The Illinois General Assembly adopted legislation to license and regulate collection agencies beginning in 1974. Comment, The Illinois Collection Agency Act, 1975 U. Ill. L. Forum 441, 443. The Act, as amended, provides:
"The practice as a collection agency by any entity in the State of Illinois is hereby declared to affect the public health, safety and welfare and to be subject to regulation and control in the public interest." 225 ILCS 425/1a (West 2008).
"No collection agency shall operate in this State, directly or indirectly engage in the business of collecting, solicit claims for others, *** exercise the right to collect, or receive payment for another of any account, bill or other indebtedness, without registering under this Act ***." 225 ILCS 425/4 (West 2008).
A party who acts as a collection agency without proper registration commits a Class A misdemeanor and must also pay a civil penalty. 225 ILCS 425/4.5, 14, 14b (West 2008).
Assuming the truth of the allegations in Trice's section 2-1401 motion, that LVNV had not registered as a collection agency before it sued Trice, LVNV committed one crime when it purchased the debt from Citibank (see 225 ILCS 425/3(d) (West 2008)), and it committed a second crime when it filed the complaint. See 225 ILCS 425/14 (West 2008).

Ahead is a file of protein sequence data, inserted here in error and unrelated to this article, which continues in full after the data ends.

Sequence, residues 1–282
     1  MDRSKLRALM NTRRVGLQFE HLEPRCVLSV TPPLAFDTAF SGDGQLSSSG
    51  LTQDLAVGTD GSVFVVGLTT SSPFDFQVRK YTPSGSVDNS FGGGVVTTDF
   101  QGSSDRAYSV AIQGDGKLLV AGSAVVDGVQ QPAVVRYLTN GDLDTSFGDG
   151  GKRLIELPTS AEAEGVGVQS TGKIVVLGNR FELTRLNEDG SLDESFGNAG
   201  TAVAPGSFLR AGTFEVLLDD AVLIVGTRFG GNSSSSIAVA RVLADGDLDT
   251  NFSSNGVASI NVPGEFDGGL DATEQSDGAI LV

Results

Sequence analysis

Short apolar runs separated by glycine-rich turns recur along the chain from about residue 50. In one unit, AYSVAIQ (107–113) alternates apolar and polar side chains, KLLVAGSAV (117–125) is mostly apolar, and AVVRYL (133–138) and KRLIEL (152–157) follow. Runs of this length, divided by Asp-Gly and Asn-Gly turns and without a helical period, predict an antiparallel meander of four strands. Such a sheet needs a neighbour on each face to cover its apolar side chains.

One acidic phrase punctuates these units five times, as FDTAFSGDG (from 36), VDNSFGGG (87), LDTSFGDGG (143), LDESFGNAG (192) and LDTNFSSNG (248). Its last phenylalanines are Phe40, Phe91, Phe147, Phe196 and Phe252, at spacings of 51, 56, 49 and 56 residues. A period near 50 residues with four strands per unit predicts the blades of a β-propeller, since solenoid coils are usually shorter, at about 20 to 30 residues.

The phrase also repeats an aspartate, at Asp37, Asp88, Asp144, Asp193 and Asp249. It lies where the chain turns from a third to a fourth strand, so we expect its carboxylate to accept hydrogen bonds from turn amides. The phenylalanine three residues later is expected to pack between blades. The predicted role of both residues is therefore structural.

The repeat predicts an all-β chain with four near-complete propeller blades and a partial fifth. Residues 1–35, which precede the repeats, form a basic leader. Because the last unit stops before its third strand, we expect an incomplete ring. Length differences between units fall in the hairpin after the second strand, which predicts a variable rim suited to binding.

Williston states the general rule that applies here:
"When a contracting party is required to have a license to engage in a business and violation of required licensing statute is made a crime, a contract calling for performance in violation of this requirement is illegal and void." 10 Samuel Williston & Richard A. Lord, A Treatise on the Law of Contracts §19.47, at 562 (4th ed. 1993).
The rule follows from the "elementary principle of contract law *** that an illegal contract is void ab initio." People v. Caban, 318 Ill. App. 3d 1082, 1089 (2001). In support of the general rule, Williston cites Reilly v. Clyne, 234 P. 35, 37 (Ariz. 1925), for the proposition that "where a statute pronounces a penalty for an act, a contract founded on the act is void." Williston, supra §19.43, at 523. And in another case Williston cites, the court said: